Swift and simple Ebola virus test
A Polish scientist has developed an extremely simple and rapid test to identify the presence of the Ebola virus. The scientific breakthrough may shorten by several hours the time needed to detect an infection, helping accelerate the treatment of the deadly disease.
The test for the presence of Ebola virus developed by Tomasz Wołkowicz, a microbiologist from the National Institute of Public Health – National Institute of Hygiene, is based on reagents available in every laboratory. This makes it usable under almost any conditions, also in field hospitals which do not have at their disposal expensive laboratory equipment. Moreover, this test produces a result in less than an hour, which is also incredibly important, as Ebola virus attacks and kills quickly. To be able to treat the sick and prevent the spread of the disease one needs to act extremely quickly. In late June, Wołkowicz received the prestigious “Innovators Under 35” award, bestowed by the MIT Technology Review, for developing the innovative test.
Ebola haemorrhagic fever virus is one of the deadliest viruses to plague mankind in recent decades. During the Ebola epidemic in West Africa, more than 27,000 people got infected between 2013 and 2015, of whom 11,000 died.
The epidemic has since slowed down and scientists believe that the likelihood of an Ebola virus outbreak in Poland is low.
However, Polish epidemiological services are prepared for contact with the disease. Since September 2014, groups of scientist from the National Institute of Public Health - National Institute of Hygiene have been working in shifts to examine suspicious blood samples in a specially equipped laboratory – 24 hours a day, 7 days a week. The microbiologist Tomasz Wołkowicz is one of those scientists.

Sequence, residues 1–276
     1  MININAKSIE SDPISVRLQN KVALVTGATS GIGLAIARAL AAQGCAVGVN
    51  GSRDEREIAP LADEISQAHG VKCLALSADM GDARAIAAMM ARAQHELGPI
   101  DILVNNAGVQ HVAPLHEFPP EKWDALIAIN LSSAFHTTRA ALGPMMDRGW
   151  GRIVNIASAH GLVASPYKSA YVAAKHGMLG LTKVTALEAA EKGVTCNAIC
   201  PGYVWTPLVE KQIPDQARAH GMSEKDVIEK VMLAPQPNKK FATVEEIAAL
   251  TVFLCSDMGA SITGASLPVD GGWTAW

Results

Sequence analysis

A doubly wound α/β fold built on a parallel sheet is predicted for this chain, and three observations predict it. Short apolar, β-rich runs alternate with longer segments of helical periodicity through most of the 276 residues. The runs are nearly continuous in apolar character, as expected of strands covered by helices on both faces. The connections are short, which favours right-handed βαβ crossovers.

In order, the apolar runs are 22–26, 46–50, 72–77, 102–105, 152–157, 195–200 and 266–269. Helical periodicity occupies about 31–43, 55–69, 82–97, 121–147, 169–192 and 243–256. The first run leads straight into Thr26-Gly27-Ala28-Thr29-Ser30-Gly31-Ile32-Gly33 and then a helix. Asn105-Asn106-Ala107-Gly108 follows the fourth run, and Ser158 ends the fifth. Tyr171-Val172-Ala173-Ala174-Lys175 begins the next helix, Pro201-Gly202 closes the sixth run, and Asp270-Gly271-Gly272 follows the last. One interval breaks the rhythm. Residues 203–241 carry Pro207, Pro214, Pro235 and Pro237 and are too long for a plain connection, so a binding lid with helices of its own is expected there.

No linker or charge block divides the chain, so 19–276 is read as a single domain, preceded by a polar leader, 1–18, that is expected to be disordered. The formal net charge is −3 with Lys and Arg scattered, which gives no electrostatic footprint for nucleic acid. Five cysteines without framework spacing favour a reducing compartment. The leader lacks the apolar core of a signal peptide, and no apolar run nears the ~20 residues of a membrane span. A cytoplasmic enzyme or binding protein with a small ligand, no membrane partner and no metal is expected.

“Developing a new test for the presence of the Ebola virus was the most pressing need of the moment,” Wołkowicz told Polska.pl. “We needed a test that would confirm the results of our previous analyses, i.e. standard commercial testing for the presence of Ebola virus, used in a great deal of laboratories worldwide.”
The scientist explained that the standard practice is to use expensive tests through which the presence of the virus RNA can be detected in the patient’s blood sample. While this procedure itself is time-consuming, it has also to be followed, in accordance with the rules which laboratories need to observe, with a retest, where the presence of the pathogen has been detected in the blood sample. Identifying the disease may thus take many hours which are vital for the patient and those having contact with him or her.
“My intention was to make the procedure of confirming the test result shorter ,” says Wołkowicz. “I wanted the test to be as simple as possible and practicable in a laboratory with standard equipment. Therefore, I decided to use inexpensive, widely available reagents which produce rapid results.”
The reagents used in the test, i.e. special enzymes, are designed to identify the virus based on its characteristic parts of the genetic code, which takes only 45 minutes.
“We managed to select the enzymes in such a way so as to be able to recognize the species of Ebola virus says,” Wołkowicz. “In the case of the epidemic outbreak, which is currently slowing down, we are dealing Ebola Zaire, while the second known species is Ebola Sudan.
The idea behind the discovery was conceived by the Polish scientist during a sleepless night, while analysing the genomes of the different Ebola viruses. The next day, together with his colleagues from the virological and bacteriological team, he began tests of the new solution.
The scientists managed to confirm the accuracy of the test using inactivated samples of virus fragments available in the laboratory.
The new test is currently patent pending, and a scientific publication on the subject is being prepared simultaneously. Wołkowicz stresses that his invention was designed to facilitate the fight against the deadly disease, rather than for commercial purposes.